A blog about software – researching it, developing it, and contemplating its future.

A Publication! In Public!

with 7 comments

The team I work on doesn’t get much publicity.  (Yet.)

But recently some guys I work with submitted a paper to OOPSLA, and it was accepted, so it’s a rare chance for me to discuss it:

Uniqueness and Reference Immutability for Safe Parallelism

This is really groundbreaking work, in my opinion.  Introducing “readable”, “writable”, “immutable”, and “isolated” into C# makes it a quite different experience.

When doing language design work like this, it’s hard to know whether the ideas really hold up.  That’s one epic advantage of this particular team I’m on:  we use what we write, at scale.  From section 6 of the paper:

A source-level variant of this system, as an extension to C#, is in use by a large project at Microsoft, as their primary programming language. The group has written several million lines of code, including: core libraries (including collections with polymorphism over element permissions and data-parallel operations when safe), a webserver, a high level optimizing compiler, and an MPEG decoder. These and other applications written in the source language are performance-competitive with established implementations on standard benchmarks; we mention this not because our language design is focused on performance, but merely to point out that heavy use of reference immutability, including removing mutable static/global state, has not come at the cost of performance in the experience of the Microsoft team. In fact, the prototype compiler exploits reference immutability information for a number of otherwise-unavailable compiler optimizations….

Overall, the Microsoft team has been satisfied with the additional safety they gain from not only the general software engineering advantages of reference immutability… but particularly the safe parallelism. Anecdotally, they claim that the further they push reference immutability through their code base, the more bugs they find from spurious mutations. The main classes of bugs found are cases where a developer provided an object intended for read-only access, but a callee incorrectly mutated it; accidental mutations of structures that should be immutable; and data races where data should have been immutable or thread local (i.e. isolated, and one thread kept and used a stale reference).

It’s true, what they say there.

Here’s just a bit more:

The Microsoft team was surprisingly receptive to using explicit destructive reads, as opposed to richer flow-sensitive analyses (which also have non-trivial interaction with exceptions). They value the simplicity and predictability of destructive reads, and like that it makes the transfer of unique references explicit and easy to find. In general, the team preferred explicit source representation for type system interactions (e.g. consume, permission conversion).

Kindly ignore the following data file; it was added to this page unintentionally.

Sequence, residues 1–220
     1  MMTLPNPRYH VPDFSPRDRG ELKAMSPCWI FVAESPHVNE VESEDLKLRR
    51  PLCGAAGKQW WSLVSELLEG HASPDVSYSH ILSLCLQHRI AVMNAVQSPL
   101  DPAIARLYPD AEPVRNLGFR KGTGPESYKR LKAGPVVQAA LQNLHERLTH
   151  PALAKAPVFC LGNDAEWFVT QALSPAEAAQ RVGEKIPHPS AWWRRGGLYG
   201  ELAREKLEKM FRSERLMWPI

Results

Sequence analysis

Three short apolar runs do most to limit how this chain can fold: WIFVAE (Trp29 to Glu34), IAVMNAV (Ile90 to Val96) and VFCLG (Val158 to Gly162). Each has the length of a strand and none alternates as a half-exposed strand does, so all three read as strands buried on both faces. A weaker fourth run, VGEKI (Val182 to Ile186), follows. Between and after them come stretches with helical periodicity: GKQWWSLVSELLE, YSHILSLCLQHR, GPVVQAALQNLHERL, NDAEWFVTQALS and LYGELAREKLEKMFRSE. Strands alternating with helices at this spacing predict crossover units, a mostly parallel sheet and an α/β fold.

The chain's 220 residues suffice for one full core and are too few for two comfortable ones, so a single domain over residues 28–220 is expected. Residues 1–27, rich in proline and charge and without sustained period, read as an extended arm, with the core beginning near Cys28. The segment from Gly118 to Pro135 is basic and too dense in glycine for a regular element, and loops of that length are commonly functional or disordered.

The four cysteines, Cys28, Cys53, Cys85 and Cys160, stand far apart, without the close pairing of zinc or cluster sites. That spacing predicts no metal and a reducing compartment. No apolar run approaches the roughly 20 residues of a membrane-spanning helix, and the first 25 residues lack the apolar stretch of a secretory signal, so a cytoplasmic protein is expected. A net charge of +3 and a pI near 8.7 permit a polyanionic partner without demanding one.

The team has also naturally developed their own design patterns for working in this environment. One of the most popular is informally called the “builder pattern” (as in building a collection) to create frozen collections:

isolated List<Foo> list = new List<Foo>(); 
foreach (var cur in someOtherCollection) {
    isolated Foo f = new Foo();
    f.Name = cur.Name; // etc ... 
    list.Add(consume f); 
immutable List<Foo> immList = consume list;

This pattern can be further abstracted for elements with a deep clone method returning an isolated reference.

I firmly expect that eventually I will be able to share much more about what we’re doing.  But if you have a high-performance systems background, and if the general concept of no-compromises performance plus managed safety is appealing, our team *is* hiring.  Drop me a line!


Written by robjellinghaus

2012/11/02 at 14:06

Posted in Uncategorized

7 Responses

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  1. Thanks, Rob…..have printed it out for Dad and I to read (and reread)….keep us on your list……Mom


    2012/11/04 at 09:05

  2. Looking forward to this “million lines of code” aka probably midori project, hope this will make it into a commercial project, sounds so innovative and promising! Coupled with a tightly optimized compiler this whole safe parallelism infrastructure seems a great step forward.

  3. “Midori” isn’t it you are working for? 🙂

    Hopefully.. it gets commercialized in near future. And, what is it going to replace eventually.. the current line of Windows OS? or, more likely, will it host Azure?

  4. […] ZDnet-Bloggerin Mary Jo Foley meldet. Sie wurde darauf hingewiesen, dass die Microsoft-Entwickler Rob Jellinghaus und Joe Duffy, von denen bekannt ist, dass sie an Midori arbeiten, über den Artikel gebloggt […]

  5. […] team claims it's written millions of lines of code, creating a web server, an MPEG decoder, and many other applications. This, in Microsoft's usual […]

  6. It would be really cool if this could be retrofitted to some olde software that’s still in use and badly needs performance improvements, but is 1) used by a very small group of people, so it’s not attractive as a commercial development target; and 2) has to be verified to match single-threaded operation in the reference implementation; and 3) the original is in Fortran!

    Mike B

    2012/12/03 at 18:19

  7. That’s a dense, dense paper. Only a few pages in, but how can isolation be recovered after conversion to writeable without tracking? I can see it if the whole object graph gets inspected, but at first glance that would seem as costly as tracking.

    Must read more! Awesome ideas.


    2012/12/06 at 12:16

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